I can say that the most fascinating part of my research is to go to the field and get insights of the behaviour of these extraordinary insects. In Belgium, most of the field work for social wasp was done in people’s houses as wasps often nest in the garden, bushes, shed or attic. Spreading advertisement locally, we get phone calls, and we go to remove the nests for free to conduct our research. With this contact with people, you can also talk about science, I am grateful for the people that welcome us in their houses to get rid of the wasps’ nests, but also contributed to the research I did. I love my job!
I not only worked with European social species, but my research provides me the opportunity to go back to Brazil and establish a collaboration there, and in New Zealand where the European wasps are considered invasive. Here are some photos to show how cool it is.
I liked to have some other side projects: bee hotels project, sex pheromones in wasps, solitary species, foraging behaviour, ant and bee experiments. I am biased, but I think the insects are easy to work with, they are fascinating animals that can teach us a lot and you can find them anywhere, meaning that there is so much to discover!
Because of my background, I think women and minorities need to be resilient in science. Developing countries need more grants and funding, developed countries need more inclusion. Having the incentives as the Soapbox Science initiative, provides me support to be resilient and to encourage others that we can make a difference. I advocate for more women in science and women should have a welcome environment to be able to have a healthy balance between work and family.
This list will help you clarify if your talk title is suitable for Soapbox Science.
Written by one of the Soapbox Science Lagos, Nigeria, organisers: Orode UV Aniejurengho.
1. Soapbox Science is a novel public outreach platform for promoting women & non-binary scientists and the science they do.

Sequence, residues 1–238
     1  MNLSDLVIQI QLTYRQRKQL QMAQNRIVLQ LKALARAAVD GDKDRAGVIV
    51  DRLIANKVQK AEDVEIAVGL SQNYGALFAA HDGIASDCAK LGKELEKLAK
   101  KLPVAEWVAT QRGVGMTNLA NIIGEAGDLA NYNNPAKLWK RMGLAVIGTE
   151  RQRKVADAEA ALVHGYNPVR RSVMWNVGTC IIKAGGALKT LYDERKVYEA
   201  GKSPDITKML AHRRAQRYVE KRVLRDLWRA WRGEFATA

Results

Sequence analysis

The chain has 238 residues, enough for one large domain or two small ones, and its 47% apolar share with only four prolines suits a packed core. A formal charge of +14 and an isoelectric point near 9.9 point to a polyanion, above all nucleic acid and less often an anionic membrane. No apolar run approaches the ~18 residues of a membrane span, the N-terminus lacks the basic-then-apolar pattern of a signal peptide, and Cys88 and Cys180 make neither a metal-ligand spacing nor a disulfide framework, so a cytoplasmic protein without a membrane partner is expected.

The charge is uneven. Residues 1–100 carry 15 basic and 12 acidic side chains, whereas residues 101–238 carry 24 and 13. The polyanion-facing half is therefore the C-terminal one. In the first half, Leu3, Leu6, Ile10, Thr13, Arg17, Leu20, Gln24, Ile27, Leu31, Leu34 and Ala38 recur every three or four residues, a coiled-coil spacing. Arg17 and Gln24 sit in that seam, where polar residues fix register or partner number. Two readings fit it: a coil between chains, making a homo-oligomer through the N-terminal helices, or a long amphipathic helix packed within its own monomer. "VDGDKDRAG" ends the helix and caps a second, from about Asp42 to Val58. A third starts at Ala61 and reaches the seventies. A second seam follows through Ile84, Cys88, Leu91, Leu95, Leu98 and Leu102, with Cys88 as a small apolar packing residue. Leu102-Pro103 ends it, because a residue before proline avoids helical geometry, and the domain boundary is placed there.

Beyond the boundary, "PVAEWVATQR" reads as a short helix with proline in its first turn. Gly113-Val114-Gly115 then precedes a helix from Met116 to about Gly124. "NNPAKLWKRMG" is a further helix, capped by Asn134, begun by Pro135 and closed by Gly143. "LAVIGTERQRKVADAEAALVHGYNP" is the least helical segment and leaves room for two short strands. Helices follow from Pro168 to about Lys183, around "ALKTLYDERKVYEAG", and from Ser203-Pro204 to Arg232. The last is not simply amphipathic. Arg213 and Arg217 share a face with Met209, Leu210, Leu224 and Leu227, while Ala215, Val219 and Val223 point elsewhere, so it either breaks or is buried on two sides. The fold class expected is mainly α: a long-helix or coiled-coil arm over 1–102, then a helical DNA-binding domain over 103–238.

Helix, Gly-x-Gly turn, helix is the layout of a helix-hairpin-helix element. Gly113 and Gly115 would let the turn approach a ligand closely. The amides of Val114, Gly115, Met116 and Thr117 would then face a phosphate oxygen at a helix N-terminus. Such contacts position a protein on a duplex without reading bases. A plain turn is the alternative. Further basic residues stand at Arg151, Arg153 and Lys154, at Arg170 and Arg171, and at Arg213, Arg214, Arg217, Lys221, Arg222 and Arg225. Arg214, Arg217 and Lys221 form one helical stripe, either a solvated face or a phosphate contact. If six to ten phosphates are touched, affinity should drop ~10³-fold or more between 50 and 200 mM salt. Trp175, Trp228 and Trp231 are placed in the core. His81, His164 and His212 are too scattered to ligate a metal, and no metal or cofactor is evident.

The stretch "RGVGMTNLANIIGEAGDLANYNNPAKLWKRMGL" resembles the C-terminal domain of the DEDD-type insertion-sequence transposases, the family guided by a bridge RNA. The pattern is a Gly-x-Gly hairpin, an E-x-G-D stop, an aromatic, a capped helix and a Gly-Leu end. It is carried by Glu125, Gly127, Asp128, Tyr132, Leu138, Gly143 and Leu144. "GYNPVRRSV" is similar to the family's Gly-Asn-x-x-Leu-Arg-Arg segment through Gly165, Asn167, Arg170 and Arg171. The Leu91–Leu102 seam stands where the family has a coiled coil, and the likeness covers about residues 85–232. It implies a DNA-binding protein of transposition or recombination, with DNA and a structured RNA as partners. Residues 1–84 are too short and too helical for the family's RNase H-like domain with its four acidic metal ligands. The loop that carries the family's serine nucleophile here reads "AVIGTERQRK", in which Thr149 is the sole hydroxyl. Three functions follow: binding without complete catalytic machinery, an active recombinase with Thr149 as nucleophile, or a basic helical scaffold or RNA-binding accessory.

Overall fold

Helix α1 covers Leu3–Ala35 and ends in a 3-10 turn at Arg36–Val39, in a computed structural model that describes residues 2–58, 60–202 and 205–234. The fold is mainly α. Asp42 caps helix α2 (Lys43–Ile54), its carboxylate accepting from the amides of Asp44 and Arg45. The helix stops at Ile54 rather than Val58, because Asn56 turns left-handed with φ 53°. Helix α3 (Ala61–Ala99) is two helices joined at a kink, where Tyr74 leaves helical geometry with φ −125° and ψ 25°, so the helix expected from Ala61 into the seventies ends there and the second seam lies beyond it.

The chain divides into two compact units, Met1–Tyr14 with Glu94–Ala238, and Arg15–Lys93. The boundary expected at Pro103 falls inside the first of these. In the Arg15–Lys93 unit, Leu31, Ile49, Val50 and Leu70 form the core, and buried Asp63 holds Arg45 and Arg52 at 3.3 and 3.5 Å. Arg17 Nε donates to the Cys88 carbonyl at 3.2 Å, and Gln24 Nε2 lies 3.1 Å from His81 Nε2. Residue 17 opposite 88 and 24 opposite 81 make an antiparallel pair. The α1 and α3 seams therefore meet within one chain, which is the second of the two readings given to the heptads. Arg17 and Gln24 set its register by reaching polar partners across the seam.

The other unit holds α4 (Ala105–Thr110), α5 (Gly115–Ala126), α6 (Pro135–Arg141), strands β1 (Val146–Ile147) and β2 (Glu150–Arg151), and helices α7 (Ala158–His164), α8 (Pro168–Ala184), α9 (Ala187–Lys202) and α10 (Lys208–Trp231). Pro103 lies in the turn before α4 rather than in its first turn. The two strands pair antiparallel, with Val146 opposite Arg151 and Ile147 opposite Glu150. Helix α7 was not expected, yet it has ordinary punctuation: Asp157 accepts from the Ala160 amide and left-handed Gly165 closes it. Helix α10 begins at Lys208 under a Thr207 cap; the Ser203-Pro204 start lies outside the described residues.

2. Scientist is used in a general way and includes those involved in science, technology, engineering, maths and medicine research (STEMM). PhD students, lecturers, professors, STEM professionals, entrepreneurs – you can take part in Soapbox Science.
3. The main aim of Soapbox Science is to bring your cutting-edge science to the public, in an accessible, fun and unintimidating way.
4. We want the public to be aware of research that is taking place or done by women in science – we find that this creates awareness of career opportunities in STEMM, inspires young ones towards careers in STEMM, gives an opportunity to see people who look like them, e.g., from BAME backgrounds, doing fabulous research, could minimise the spread of false information as the general public hears direct from you the researchers.
5. Your talk must be scientific, consider research you are currently doing or have completed e.g., from your PhD, Your Post-doc. If your talk title is motivational – this is not suitable, it is best to consider submitting this for consideration to be published as a blog post on the global Soapbox Science website.
6. The title should be easy to understand by the general public (not an expert in your area, but the people who have not had the opportunity /inclination/ means to meet a scientist or learn about science that happens in their local area). Example title – How are drugs personalised for you?
7. For your talk/presentation there is no middle-man, no PowerPoint slide, no amphitheatre – just you remarkable scientists.
8. Props can be used to demonstrate certain aspects in your talk, we find that where relevant, this can promote understanding for your listeners. Examples of props used by past speakers have included giant DNA, interactive experiments, mannequins, giant superbugs, plants, salt, balloons, confetti. The list is varied, and guidance can be provided by the organising team.